The coalminer’s daughter. The bartender. The police brutality activist. The grieving mother. Each looked at the man representing her in Congress and said, “I can do better.”
While serving five years behind bars for drug charges, Jesse Krimes found an outlet for his emotions via one epically ambitious artwork—reassembled piece by piece on the outside.
Jesse Krimes served five years in federal prison for drug charges. While incarcerated, Krimes created a larger-than-life work of art that he considers a reflection of the very walls that confined him. Working with only one small, individual section at a time, he created an approximately fifteen-foot-tall, thirty-foot-long piece of art, crafted from prison bed sheets which he obtained by paying off the washroom attendant. Using hair gel and a plastic spoon, Krimes transferred newsprint images from The New York Times onto the bed sheets, then had each panel sent out of prison.
“Who would look after him if I wasn’t here?” and other questions this mom asks herself every day.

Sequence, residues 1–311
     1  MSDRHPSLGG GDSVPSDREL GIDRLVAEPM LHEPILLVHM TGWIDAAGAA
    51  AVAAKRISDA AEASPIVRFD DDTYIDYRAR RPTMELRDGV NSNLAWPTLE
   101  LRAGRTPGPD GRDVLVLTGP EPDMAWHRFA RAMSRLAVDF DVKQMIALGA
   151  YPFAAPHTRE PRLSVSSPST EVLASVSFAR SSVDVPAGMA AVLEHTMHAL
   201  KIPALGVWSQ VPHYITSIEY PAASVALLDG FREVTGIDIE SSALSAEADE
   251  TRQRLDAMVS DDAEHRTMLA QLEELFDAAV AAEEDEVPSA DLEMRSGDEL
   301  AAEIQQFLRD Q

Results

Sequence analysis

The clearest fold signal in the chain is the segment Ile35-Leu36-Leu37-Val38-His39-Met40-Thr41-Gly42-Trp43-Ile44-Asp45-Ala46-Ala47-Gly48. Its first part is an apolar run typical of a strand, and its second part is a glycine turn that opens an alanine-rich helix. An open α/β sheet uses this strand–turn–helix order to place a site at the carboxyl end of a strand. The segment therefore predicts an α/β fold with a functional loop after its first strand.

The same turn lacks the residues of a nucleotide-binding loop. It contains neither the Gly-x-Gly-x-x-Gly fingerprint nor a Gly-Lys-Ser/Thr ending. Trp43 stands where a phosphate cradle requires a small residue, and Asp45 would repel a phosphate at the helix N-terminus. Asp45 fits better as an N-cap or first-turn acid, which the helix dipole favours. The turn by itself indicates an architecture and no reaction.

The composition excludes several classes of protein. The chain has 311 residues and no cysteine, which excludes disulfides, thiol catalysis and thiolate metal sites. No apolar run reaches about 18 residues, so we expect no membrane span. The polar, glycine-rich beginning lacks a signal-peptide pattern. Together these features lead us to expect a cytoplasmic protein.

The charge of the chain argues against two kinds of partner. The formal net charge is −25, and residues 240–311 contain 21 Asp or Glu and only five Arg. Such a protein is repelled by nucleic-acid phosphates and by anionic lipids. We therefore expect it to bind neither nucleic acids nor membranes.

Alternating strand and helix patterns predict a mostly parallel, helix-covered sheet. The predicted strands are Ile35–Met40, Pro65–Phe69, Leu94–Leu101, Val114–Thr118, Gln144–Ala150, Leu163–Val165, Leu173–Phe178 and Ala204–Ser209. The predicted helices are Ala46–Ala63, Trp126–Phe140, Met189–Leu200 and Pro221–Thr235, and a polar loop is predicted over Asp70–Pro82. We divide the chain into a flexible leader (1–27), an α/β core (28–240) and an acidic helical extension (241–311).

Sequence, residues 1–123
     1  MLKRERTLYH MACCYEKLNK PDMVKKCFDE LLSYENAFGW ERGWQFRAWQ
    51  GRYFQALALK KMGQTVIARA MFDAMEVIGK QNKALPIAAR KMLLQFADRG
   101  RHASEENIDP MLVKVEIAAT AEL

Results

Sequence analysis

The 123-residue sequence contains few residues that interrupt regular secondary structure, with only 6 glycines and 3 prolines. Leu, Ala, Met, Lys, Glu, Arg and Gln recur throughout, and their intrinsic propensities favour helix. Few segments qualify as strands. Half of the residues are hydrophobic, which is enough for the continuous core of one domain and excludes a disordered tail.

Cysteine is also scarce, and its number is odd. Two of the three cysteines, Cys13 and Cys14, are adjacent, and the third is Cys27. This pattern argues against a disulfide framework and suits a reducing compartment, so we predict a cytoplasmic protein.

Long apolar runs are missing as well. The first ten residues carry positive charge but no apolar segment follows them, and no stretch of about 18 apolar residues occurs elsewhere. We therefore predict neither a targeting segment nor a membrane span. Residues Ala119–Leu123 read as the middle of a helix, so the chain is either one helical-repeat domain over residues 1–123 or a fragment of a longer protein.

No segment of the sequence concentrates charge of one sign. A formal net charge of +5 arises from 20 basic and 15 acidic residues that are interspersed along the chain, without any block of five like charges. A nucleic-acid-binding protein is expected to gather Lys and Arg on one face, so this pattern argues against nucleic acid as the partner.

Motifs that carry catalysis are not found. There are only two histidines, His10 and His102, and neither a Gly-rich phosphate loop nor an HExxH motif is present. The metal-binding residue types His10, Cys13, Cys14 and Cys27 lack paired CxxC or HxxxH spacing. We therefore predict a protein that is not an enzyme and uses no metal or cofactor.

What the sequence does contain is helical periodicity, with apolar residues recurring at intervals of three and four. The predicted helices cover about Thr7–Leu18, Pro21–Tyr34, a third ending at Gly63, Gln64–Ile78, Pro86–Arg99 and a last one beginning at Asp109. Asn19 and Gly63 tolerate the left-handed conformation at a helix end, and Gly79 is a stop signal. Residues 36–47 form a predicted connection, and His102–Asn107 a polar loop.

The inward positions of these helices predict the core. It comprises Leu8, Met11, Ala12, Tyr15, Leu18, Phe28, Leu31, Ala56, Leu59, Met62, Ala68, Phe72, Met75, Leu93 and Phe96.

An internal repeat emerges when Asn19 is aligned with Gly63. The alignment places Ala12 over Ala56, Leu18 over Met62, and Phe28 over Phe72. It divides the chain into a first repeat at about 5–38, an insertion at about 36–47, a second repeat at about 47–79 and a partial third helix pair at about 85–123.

Get up close and personal with the athletes of the reemerging ancient pastime of mallakamb, in Narratively’s first 360 film.
Once a year, residents of this mountainous island gather at two churches on opposite ends of town and launch 100,000 handmade rockets — directly at each other.
When Dee came out as a transgender, it meant the end of her marriage to Penny. And that’s when the empowering journey for both women truly began.
As Chinese investment turns this mineral-rich region into a cash cow, does the Southern Mongolian culture have any hope of survival? A few families are willing to fight for it.
We humans are far more complex than the news headlines and clickbait would have you believe. Let the Narratively newsletter be your guide.